“I take him to work, but then on weekends, he ends up driving himself around for some reason. So he goes out on Sundays and plays baseball then drinks with his friends. All day. Every Sunday. I dread it all week because he’s mean when he’s drunk. He says awful things and then we fight and it’s just not good. So I called him at 9:30 one Sunday and he said he wasn’t coming home for a couple more hours. I told him I thought that was a bad idea, but he hung up on me. So a few hours later, he called and woke me up to tell me he was on his way. As we were talking, he got pulled over and I listened to the whole thing. How he didn’t have a license when she asked for it, when he said yes when she asked if he’d been drinking. She was nice enough to wait while I came to get the truck, then I watched her load him in the car and take him to jail.”
“Wow.” I said, not quite able to imagine watching someone I loved screw up over and over, undaunted by punishments while I was humiliated by the very idea of them.
“Yes.” She agreed. “So we have a lawyer – I was going to go to all these consultations and then I decided I was tired. I work all the time and if he can’t care enough to avoid trouble, I can’t keep spending all this time and money getting him out of it. I’m just tired.”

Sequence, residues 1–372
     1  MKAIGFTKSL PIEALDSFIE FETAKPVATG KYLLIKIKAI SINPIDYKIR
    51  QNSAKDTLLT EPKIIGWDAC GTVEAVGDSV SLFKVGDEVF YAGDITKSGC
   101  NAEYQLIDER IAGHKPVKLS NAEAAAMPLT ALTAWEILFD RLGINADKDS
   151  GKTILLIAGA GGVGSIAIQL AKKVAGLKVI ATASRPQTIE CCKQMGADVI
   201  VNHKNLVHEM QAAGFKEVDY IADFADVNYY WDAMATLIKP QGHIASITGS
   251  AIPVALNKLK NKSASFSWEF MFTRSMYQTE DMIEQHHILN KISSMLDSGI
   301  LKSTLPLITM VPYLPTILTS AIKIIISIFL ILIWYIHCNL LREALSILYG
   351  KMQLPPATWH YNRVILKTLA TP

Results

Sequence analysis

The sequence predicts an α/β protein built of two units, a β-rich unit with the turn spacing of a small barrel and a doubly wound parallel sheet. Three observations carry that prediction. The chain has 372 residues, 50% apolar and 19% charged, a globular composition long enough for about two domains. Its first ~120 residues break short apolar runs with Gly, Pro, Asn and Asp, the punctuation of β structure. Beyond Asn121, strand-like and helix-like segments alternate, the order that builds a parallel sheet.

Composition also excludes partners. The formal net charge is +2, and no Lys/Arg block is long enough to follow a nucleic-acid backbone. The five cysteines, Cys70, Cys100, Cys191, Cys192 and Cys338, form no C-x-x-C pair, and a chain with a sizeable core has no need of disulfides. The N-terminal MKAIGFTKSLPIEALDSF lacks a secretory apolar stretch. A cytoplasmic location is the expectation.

“I know.” I offered. “I’m so sorry.”
“He came home last weekend, and was drunk again. I was already asleep, but I rolled over and asked him what was important – drinking with his friends or peace in our marriage. He can’t have both anymore – I just can’t do it. And he said he wasn’t going to stop drinking.”
We both sat in silence, letting that statement linger, and I sighed.
“I know you don’t want to leave. I don’t know what the right answer is here, Rachel. I do think a therapist would help you clarify your feelings and options and goals. So I’d call your human resources department and get some names. It really might help.”
“I just don’t understand how I can stay with someone who has so little love or respect for me. But I can’t leave either – I don’t know if it’s the right decision. So even though I don’t think he’ll change, what if he does? I don’t think we’re going to get pregnant – we’ve been trying for 18 months now – but what if I do? I really want a baby. I just don’t know how to end things when I love him.”